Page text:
A groundbreaking AI tool capable of predicting a person’s 10-year risk of fatal heart attacks could revolutionize the treatment of patients undergoing CT scans for chest pain. Research funded by the British Heart Foundation, unveiled at the American Heart Association’s Scientific Sessions in Philadelphia, reveals the tool’s potential to transform patient care.
The first real-world trial of this AI tool showcased its ability to enhance treatment for up to 45% of patients, potentially saving thousands of lives. By identifying individuals at risk of heart attacks who might not have received appropriate treatment, this technology aims to lower their risk effectively. Moreover, the cost-effectiveness of the tool suggests a paradigm shift in managing patients referred for chest pain investigations within the NHS.
In the UK, approximately 350,000 people undergo cardiac CT scans yearly to detect narrowings or blockages in coronary arteries. However, in three-quarters of cases with no clear signs of significant narrowings, patients are often discharged, unaware of potential future heart attacks due to undetectable narrowings that could become problematic if inflamed.
, Professor Charalambos Antoniades and the University of Oxford’s Radcliffe Department of Medicine conducted a comprehensive study analyzing data from over 40,000 individuals undergoing routine cardiac CT scans at eight UK hospitals. The study revealed that twice as many patients with no significant narrowings experienced heart attacks and cardiac deaths, highlighting the need for predictive tools.
Utilizing an AI tool trained with information on arterial inflammation and clinical risk factors, the team accurately predicted cardiac events among 3,393 additional patients over 7.7 years. Notably, individuals with high levels of arterial inflammation but no arterial obstructions exhibited over a ten-fold higher risk of cardiac death.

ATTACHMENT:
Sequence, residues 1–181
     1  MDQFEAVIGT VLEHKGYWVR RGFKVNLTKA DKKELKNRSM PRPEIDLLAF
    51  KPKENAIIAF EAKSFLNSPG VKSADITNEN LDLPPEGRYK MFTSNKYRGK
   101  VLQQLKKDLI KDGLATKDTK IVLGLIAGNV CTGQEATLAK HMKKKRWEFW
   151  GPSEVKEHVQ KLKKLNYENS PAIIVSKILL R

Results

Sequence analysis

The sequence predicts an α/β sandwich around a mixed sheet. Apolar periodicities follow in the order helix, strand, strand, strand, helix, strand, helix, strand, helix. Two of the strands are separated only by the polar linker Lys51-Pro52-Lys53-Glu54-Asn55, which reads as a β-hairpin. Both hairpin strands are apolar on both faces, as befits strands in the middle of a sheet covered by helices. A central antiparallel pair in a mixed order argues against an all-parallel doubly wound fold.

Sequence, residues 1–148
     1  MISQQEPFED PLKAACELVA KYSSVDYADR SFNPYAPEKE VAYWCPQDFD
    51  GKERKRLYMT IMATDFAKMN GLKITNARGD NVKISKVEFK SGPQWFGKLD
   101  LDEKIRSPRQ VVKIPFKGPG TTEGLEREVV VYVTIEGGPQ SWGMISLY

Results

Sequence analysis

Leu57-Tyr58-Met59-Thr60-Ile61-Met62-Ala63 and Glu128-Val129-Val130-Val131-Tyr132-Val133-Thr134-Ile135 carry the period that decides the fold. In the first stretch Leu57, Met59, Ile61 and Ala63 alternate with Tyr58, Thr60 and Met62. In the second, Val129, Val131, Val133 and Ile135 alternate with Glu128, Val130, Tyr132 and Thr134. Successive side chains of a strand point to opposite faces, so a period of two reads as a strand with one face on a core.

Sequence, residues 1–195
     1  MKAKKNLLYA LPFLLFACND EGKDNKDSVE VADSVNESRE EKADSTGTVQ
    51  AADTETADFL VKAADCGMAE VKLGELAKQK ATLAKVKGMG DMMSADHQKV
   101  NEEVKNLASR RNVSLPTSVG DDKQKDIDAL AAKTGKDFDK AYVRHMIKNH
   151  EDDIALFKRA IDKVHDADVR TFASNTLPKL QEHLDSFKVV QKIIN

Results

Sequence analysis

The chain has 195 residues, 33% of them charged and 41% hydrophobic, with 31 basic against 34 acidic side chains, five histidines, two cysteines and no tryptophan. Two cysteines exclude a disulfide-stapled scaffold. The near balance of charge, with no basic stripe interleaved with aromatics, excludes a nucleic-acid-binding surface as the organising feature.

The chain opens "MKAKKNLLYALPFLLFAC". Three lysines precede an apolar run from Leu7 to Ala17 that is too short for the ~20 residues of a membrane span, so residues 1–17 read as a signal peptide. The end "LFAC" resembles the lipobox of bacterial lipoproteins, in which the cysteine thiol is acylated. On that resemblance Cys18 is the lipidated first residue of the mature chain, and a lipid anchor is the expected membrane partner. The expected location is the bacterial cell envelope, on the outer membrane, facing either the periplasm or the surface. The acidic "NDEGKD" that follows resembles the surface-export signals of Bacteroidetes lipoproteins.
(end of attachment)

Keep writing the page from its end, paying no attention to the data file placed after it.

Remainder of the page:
In a world-first pilot involving 744 patients, clinicians received AI-generated risk scores, prompting alterations in treatment plans for up to 45% of cases. The tool’s potential impact on early identification and preventative treatment for high-risk patients was evident, underscoring its immense value in guiding patient management.
Comparative analysis revealed the AI tool’s cost-effectiveness for the NHS, potentially leading to a substantial reduction in heart attacks, cardiac deaths, and strokes among those undergoing the test. With NHS England already commissioning the technology for a pilot program in five hospitals, the researchers anticipate nationwide implementation.
Professor Charalambos Antoniades emphasized the tool’s ability to identify high-risk heart patients, potentially altering treatment courses, and preventing avoidable deaths from heart attacks.
Professor Sir Nilesh Samani from the British Heart Foundation hailed the research’s significance, highlighting AI’s role in identifying at-risk patients and guiding treatment decisions, potentially saving numerous lives annually.
The promising strides of this AI tool could reshape cardiac care, offering hope in preventing unnecessary heart-related fatalities and guiding precise treatment for patients at risk.